Military


Operation Peninsula Strike

June 9, 2003 - June 12, 2003

During the early morning hours of June 9, 2003, Task Force Ironhorse soldiers conducted a series of raids to eradicate Ba'ath Party loyalists, paramilitary groups and other subversive elements located on a peninsula along the Tigris River, northeast of Balad, Iraq. The raids signaled the start of Operation Peninsula Strike.

The operation took place in two major stages. The first stage involved moving soldiers and equipment into strike positions, intelligence gathering, and coordination with local police. Along with the 3rd Bde, 4th ID, units from the, the 173rd Airborne Brigade, and 3rd Infantry Division's 3rd Squadron, 7th Cavalry Regiment were involved.

During the second stage, raids were conducted within the area of operation via land, air and water to capture or destroy subversive elements. Air assault teams, ground attack squads, raid teams, river patrol boats and local security combined forces to block off escape routes and operate check points to ensure the operation's success.

Operation Peninsula Strike's joint, combined arms team is comprised of U.S. Army infantry, armor, artillery, aviation, and engineers, and U.S. Air Force aviation elements.

By June 10 2003, Operation Peninsula Strike had resulted in the capture of 397 suspects and the seizure of numerous weapon systems and ammunition. A 10:00 P.M. to 4:00 A.M. curfew has been implemented on the peninsula for the safety and security of civilians and Coalition forces. Task Force Ironhorse continues to seize illegal weapons in support of the National Weapons Policy implemented on June 1, 2003.

As the operation continues, specially trained soldiers are screening the detainees to determine who may be released and who will be retained for further questioning. These soldiers are also processing information which can be used in the apprehension of hostile groups who continue to try to harm Coalition forces and innocent Iraqi people. The information gathered will also assist Coalition forces in providing a safe and secure environment for the Iraqi people.

The 4th Infantry Division and supporting units from Task Force Ironhorse concluded an extensive raid on June 12 as part of Operation Peninsula Strike, involving thousands of soldiers.

The operation led to the capture of approximately 400 detainees and the seizure of numerous weapons systems and ammunition. Detainees were screened and questioned, with approximately 60 detainees being released. In addition to capturing the five people from the U.S. government's most wanted list, several other high-standing party members were also detained.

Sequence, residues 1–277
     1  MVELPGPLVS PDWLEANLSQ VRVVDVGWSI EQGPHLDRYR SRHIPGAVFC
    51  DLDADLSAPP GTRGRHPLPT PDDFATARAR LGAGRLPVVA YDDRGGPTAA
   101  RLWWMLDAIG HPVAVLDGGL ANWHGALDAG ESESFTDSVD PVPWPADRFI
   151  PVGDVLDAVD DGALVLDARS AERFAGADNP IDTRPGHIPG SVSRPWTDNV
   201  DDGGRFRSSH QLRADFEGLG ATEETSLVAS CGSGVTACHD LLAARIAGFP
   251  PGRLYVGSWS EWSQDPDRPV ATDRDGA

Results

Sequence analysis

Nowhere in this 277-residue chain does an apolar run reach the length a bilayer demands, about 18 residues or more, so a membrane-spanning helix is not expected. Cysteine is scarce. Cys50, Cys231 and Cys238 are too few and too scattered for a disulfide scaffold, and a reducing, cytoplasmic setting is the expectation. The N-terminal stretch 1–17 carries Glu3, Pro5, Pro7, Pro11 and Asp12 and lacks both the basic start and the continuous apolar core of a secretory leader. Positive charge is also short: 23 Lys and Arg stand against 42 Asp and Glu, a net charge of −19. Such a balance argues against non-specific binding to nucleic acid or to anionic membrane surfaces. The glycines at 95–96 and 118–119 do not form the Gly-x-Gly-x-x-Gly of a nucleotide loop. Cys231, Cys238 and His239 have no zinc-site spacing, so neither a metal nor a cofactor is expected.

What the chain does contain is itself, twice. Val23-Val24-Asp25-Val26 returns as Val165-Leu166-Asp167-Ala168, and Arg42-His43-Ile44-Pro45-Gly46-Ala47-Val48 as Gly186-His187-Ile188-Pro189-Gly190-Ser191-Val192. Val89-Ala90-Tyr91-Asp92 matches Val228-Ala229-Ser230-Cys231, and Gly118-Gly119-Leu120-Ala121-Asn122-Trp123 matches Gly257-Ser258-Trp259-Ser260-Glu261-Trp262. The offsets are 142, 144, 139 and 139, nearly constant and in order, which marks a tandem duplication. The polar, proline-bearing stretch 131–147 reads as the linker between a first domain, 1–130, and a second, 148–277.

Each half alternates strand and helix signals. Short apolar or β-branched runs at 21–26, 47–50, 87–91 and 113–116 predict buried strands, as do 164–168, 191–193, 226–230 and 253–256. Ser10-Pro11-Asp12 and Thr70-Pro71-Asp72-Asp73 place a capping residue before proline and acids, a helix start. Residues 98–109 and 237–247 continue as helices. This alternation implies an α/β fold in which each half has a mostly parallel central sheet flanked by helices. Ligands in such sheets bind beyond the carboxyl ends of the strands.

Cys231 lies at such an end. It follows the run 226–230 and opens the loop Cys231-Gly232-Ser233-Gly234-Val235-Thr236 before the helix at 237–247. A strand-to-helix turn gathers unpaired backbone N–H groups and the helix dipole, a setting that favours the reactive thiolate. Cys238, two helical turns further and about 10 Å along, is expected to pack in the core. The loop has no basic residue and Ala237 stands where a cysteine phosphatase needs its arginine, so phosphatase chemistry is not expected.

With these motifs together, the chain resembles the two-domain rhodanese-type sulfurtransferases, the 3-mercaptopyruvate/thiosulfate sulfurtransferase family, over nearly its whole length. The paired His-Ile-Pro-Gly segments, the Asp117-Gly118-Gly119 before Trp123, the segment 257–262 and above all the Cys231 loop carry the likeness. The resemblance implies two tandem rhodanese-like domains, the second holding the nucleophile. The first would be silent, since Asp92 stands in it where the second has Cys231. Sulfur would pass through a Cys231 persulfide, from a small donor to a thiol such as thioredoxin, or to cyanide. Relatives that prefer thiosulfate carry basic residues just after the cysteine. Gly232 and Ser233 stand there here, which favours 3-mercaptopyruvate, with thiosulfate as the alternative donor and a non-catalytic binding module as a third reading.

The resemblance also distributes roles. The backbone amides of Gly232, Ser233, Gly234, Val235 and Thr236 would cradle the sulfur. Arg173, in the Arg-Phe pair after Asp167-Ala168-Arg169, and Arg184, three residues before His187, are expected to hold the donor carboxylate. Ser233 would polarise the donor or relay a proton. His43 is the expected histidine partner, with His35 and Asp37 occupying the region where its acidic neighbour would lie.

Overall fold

Two former Iraqi generals surrendered to military forces during the raids. Maj. Gen. Abul Ali Jasmin, Secretary of Defense Ministry and Brig. Gen. Abdullah Ali Jasmin, Head of the Iraqi Military Academy, are now being detained and questioned.

During the operation, the 1st Battalion, 8th Infantry Regiment, worked with the 720th Military Police Battalion scouring the streets and looking for people attempting to escape by vehicle. Infantrymen, MPs, and combat engineers conducted house searches in targeted areas.

Members of the 57th Aviation and 159th Aviation Battalions provided air support.

During the operation, four soldiers from the 173rd Airborne Brigade were injured and evacuated out of the area and are listed in stable condition during the operation. There were no U.S. soldiers killed during the operation. Two hostile Iraqi civilians were wounded, treated and sent to medical facilities.

Three specialists - Tamer Hassanien, Kobie Johnson and John Oldenburg -- and Pfc. James Volpe were injured in an apparent ambush while driving between two traffic control points.

The soldiers from the Scout Platoon, Headquarters and Headquarters Company, 2nd Battalion, 503rd Parachute Infantry Regiment, were injured when their vehicles were fired on from what later turned out to be a police station, said 1st Sgt. John Bagby, first sergeant of HHC, 2nd Bn, 503rd PIR.

Hassanien, Johnson and Oldenburg received non-life threatening wounds. Volpe was treated and released back to his unit.



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